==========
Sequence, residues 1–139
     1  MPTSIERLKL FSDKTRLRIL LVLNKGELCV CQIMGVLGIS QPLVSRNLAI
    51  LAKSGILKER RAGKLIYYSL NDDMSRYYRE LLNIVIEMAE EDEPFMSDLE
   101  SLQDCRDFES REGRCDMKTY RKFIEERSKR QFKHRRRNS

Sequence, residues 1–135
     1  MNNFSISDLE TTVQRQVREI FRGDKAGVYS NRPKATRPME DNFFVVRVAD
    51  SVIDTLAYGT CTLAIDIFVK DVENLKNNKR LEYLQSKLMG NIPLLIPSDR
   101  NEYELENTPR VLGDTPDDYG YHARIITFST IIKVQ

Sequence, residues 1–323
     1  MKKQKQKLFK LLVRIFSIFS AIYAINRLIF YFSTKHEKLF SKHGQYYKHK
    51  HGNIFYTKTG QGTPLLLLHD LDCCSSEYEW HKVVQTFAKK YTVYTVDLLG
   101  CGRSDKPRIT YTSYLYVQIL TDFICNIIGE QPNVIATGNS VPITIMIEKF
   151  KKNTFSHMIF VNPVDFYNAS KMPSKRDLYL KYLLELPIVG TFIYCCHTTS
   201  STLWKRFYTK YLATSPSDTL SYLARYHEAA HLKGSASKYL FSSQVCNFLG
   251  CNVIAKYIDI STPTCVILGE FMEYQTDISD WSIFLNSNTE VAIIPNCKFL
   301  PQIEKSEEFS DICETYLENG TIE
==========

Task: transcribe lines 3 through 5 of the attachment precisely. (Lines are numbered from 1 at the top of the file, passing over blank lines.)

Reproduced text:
    51  LAKSGILKER RAGKLIYYSL NDDMSRYYRE LLNIVIEMAE EDEPFMSDLE
   101  SLQDCRDFES REGRCDMKTY RKFIEERSKR QFKHRRRNS

Sequence, residues 1–135